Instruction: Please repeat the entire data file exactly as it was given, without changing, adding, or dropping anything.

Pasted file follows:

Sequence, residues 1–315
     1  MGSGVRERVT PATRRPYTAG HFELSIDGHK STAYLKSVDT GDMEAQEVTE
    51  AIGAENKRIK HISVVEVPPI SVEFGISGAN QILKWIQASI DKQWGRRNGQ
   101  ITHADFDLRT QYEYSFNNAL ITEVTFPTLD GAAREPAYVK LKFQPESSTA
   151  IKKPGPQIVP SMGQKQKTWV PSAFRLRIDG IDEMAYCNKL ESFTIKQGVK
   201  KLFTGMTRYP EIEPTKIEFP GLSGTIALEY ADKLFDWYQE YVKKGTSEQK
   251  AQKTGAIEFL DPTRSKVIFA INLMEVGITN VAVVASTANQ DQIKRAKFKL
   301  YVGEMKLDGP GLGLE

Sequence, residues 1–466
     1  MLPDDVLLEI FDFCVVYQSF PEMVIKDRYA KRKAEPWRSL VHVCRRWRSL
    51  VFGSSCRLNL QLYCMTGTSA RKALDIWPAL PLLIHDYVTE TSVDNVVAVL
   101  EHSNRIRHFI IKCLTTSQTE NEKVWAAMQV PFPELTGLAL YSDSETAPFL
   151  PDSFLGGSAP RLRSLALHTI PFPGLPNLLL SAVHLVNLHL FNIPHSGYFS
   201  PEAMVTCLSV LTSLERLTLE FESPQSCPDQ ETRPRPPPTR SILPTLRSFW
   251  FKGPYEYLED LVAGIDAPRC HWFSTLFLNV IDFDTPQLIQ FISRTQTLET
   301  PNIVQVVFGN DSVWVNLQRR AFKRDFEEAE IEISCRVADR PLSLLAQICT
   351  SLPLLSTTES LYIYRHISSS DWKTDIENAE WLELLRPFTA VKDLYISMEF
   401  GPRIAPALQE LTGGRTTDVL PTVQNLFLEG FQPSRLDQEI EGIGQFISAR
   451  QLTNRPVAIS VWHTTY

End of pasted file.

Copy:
Sequence, residues 1–315
     1  MGSGVRERVT PATRRPYTAG HFELSIDGHK STAYLKSVDT GDMEAQEVTE
    51  AIGAENKRIK HISVVEVPPI SVEFGISGAN QILKWIQASI DKQWGRRNGQ
   101  ITHADFDLRT QYEYSFNNAL ITEVTFPTLD GAAREPAYVK LKFQPESSTA
   151  IKKPGPQIVP SMGQKQKTWV PSAFRLRIDG IDEMAYCNKL ESFTIKQGVK
   201  KLFTGMTRYP EIEPTKIEFP GLSGTIALEY ADKLFDWYQE YVKKGTSEQK
   251  AQKTGAIEFL DPTRSKVIFA INLMEVGITN VAVVASTANQ DQIKRAKFKL
   301  YVGEMKLDGP GLGLE

Sequence, residues 1–466
     1  MLPDDVLLEI FDFCVVYQSF PEMVIKDRYA KRKAEPWRSL VHVCRRWRSL
    51  VFGSSCRLNL QLYCMTGTSA RKALDIWPAL PLLIHDYVTE TSVDNVVAVL
   101  EHSNRIRHFI IKCLTTSQTE NEKVWAAMQV PFPELTGLAL YSDSETAPFL
   151  PDSFLGGSAP RLRSLALHTI PFPGLPNLLL SAVHLVNLHL FNIPHSGYFS
   201  PEAMVTCLSV LTSLERLTLE FESPQSCPDQ ETRPRPPPTR SILPTLRSFW
   251  FKGPYEYLED LVAGIDAPRC HWFSTLFLNV IDFDTPQLIQ FISRTQTLET
   301  PNIVQVVFGN DSVWVNLQRR AFKRDFEEAE IEISCRVADR PLSLLAQICT
   351  SLPLLSTTES LYIYRHISSS DWKTDIENAE WLELLRPFTA VKDLYISMEF
   401  GPRIAPALQE LTGGRTTDVL PTVQNLFLEG FQPSRLDQEI EGIGQFISAR
   451  QLTNRPVAIS VWHTTY